Critics’ Picks

View of “Davina Semo and Deborah Remington,” 2019.

View of “Davina Semo and Deborah Remington,” 2019.


Deborah Remington and Davina Semo

Parts & Labor
1154 North Avenue
July 13–September 29, 2019

The steely, gradient-filled lacunae of Deborah Remington’s Saratoga, 1972, and Sussex, 1976, evoke busted TV screens and foggy windshields, beyond which noirish vistas might extend. The artist, who died in 2010 at the age of seventy-nine, was the sole woman among the half-dozen painters and poets who cofounded San Francisco’s Six Gallery, the beatnik haunt where Allen Ginsberg first read Howl in 1955. Five of her paintings, made between 1964 and 2003, hang alongside recent sculptures and wall works by Davina Semo at Parts & Labor, a new project space devoted to shows pairing works by one mid-career and one historically recognized artist. The intention behind this format is to—in the words of Manhattan dealers Nicelle Beauchene and Franklin Parrasch, who run the gallery—“reframe and recontextualize important dialogues,” elaborating the “impulses and inclinations each pair of artists share.” In practice, such intergenerational couplings are often less successful in “allowing intimate conversations to unfold” than they are in creating ambiance through an exchange of auras, conferring a certain gravitas on recent work and revealing the gleam of contemporaneity within its predecessors.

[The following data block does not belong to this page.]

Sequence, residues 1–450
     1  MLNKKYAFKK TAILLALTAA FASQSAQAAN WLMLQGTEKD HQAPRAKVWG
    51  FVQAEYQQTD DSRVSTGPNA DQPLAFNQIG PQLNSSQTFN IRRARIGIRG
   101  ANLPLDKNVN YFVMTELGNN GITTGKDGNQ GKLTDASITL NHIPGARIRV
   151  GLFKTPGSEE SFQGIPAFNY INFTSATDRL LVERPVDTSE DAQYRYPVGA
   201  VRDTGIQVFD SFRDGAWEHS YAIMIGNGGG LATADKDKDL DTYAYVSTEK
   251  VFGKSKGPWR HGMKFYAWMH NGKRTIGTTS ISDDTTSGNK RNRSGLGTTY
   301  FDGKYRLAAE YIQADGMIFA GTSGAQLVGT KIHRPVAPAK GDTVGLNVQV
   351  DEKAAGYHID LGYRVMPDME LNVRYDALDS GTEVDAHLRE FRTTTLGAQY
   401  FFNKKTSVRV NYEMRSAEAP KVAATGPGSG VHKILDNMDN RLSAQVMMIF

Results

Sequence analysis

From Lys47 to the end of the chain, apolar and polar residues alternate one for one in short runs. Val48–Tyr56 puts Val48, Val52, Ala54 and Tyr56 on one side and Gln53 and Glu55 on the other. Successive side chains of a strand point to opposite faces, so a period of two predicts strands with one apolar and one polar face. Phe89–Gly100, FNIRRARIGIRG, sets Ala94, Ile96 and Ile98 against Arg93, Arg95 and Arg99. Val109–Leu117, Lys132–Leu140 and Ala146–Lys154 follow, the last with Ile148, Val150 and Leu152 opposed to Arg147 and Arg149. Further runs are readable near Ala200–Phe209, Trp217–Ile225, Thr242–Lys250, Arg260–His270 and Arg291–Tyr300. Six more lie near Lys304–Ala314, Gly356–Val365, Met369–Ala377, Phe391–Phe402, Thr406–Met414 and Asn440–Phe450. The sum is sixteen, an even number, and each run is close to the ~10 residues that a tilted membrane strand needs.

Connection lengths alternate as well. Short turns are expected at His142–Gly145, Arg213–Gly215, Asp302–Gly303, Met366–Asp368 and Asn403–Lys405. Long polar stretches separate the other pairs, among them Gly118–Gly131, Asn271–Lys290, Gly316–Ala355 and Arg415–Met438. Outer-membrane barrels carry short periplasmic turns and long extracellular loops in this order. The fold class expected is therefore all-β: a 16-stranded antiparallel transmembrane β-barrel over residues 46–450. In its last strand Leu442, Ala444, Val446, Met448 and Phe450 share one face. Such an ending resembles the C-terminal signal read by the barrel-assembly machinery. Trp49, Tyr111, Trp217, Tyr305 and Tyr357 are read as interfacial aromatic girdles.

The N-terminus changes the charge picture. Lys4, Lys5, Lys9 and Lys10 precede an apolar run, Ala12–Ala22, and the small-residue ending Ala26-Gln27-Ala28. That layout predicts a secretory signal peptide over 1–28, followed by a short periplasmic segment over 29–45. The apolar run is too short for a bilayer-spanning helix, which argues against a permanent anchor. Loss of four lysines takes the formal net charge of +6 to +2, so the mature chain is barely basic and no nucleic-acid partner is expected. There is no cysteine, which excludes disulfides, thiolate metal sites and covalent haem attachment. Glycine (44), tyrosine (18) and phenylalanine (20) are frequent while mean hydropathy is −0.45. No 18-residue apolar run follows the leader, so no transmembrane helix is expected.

Here, the premise that brings Remington’s adamantine abstractions together with Semo’s polished and patinated bronze reliefs and bells—presumably a mutual interest in the dynamics of mirroring and opacity—feels a bit thin, and the pairing doesn’t do the younger artist’s work many favors. Semo’s semi-reflective dimpled surfaces and distressed pendant chimes have rustic charm, but they are upstaged by Remington’s darkly metallic nocturnes, lit up by pulses of flaming blue and honky-tonk red. Congenitally cool and utterly transfixing, they conjure the smoke of ruined bohemias (Ginsberg’s “starry dynamo in the machinery of night” doesn’t feel too far away), only to slice though nostalgia with a razor’s edge.